Cameron's refusal to hold public inquiry into Finucane murder 'indefensible', court told

Cameron's refusal to hold public inquiry into Finucane murder 'indefensible', court told

The British Prime Minister's refusal to hold a public inquiry into the murder of Belfast solicitor Pat Finucane was morally and legally indefensible, a court has been told.

A barrister representing Mr Finucane's wife Geraldine alleged that David Cameron rejected an inquiry into claims of state collusion with the loyalist paramilitary killers over fears of criticism from elements of the Conservative Party and the right-wing press in the UK.

Pat Finucane's brother Seamus, daughter Katherine and son John at the High Court in Belfast today.

Belfast High Court is hearing a judicial review by Mrs Finucane of the decision by Mr Cameron to rule out an inquiry into the 1989 Ulster Defence Association (UDA) shooting in the city.

Opening the case before judge Mr Justice Stephens, Barry MacDonald QC said the murder was one of the "most notorious" of the Troubles.

"It is notorious for good reason," he added. "The available evidence suggests that agents of the state responsible for law enforcement devised and operated a policy of extra-judicial execution, the essential feature of which was that loyalist terrorist organisations were infiltrated, resourced and manipulated in order to murder individuals identified by the state and their agents as suitable for assassination.

"In other words 'murder by proxy' whereby the state itself engaged in terrorism through the agency of loyalist paramilitaries."

The barrister added: "The decision not to hold one (an inquiry) is indefensible both morally and legally."

The solicitor's family has long campaigned for a full independent public inquiry into the murder, but Mr Cameron has insisted such an exercise would not shed any more light on the events.

A UK government-commissioned review of the controversial murder published by Desmond de Silva detailed shocking levels of state involvement.

That included spreading malicious propaganda that Mr Finucane was sympathetic to the IRA; one or possibly more police officers proposing him as a target to loyalists; and the mishandling of state agents inside the UDA who were involved in the murder.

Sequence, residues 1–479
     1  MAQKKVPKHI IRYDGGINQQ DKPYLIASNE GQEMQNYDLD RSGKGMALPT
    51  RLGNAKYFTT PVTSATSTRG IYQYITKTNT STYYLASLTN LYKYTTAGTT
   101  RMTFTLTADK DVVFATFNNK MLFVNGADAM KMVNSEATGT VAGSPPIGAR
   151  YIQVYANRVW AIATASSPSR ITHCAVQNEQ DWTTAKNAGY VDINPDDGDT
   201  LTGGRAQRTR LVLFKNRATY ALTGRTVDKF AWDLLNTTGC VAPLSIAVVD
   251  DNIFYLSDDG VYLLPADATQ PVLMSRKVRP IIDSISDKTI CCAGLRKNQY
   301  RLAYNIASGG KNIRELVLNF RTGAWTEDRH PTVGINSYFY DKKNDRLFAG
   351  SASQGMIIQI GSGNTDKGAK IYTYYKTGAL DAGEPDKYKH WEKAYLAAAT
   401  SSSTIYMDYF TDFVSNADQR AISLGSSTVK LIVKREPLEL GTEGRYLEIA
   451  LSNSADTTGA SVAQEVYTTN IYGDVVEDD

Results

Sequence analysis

While de Silva found no evidence of an overarching conspiracy by the authorities to target the 38-year-old lawyer, he said the actions of a number of state employees had "furthered and facilitated'' the UDA shooting, while there had also been efforts to thwart the subsequent criminal investigation.

As he accepted the report's findings in the House of Commons in December 2012, Mr Cameron reiterated an apology to the Finucane family and also pledged that the British government would examine the review in detail to identify potential lessons.

Mr Finucane was gunned down in front of his wife Geraldine and their three children inside their north Belfast home in February 1989.

Mr MacDonald outlined details of the various collusion investigations that examined the Finucane murder in the years following the shooting.

He referred to government papers that acknowledged the police and army engaged in an "active and significant obstruction" of an investigation carried out by former Metropolitan Police deputy commissioner John Stevens.

The barrister also revealed that as well as three investigations carried out by Stevens, the British government conducted its own confidential assessment of the collusion claims in 1999 - a never-published document entitled the Langdon report.

The existence of the report emerged only during the legal discovery process ahead of the judicial review.

Mr MacDonald said all the various investigations detailed evidence that warranted examination in a public inquiry.

The barrister then focused on a commitment made by the UK government at Weston Park in 2001 during peace process negotiations with the Irish government.

The Weston Park talks resulted in Canadian judge Peter Cory being asked to examine the grounds for public inquiry in a number of controversial Troubles deaths.

The Government said such inquiries would be implemented if the judge recommended that course of action.

Judge Cory subsequently did recommend public inquiries for a number of killings, including Mr Finucane's.

But while the British government ordered inquiries into the other deaths, it has not given the green light for one in the Finucane case.

Mr MacDonald said the Government's pledge at Weston Park established a "legitimate expectation" that an inquiry would be held.

He said the change of administration in May 2010, with Mr Cameron's coalition government taking over from Labour, was soon followed by the decision to reject a public inquiry and instead commission de Silva's review of the case documents.

The barrister insisted only a public inquiry could establish the full facts behind the collusion that happened.

"It is difficult to imagine a more serious allegation against a liberal democracy founded on the rule of law," he said.

"Patrick Finucane was a victim of this policy. He was identified by state agents as suitable for assassination and duly shot dead in front of his family in a particularly brutal fashion."

Mr Finucane's son John and daughter Katherine were in court for today's hearing, as was the murdered solicitor's brother Seamus.

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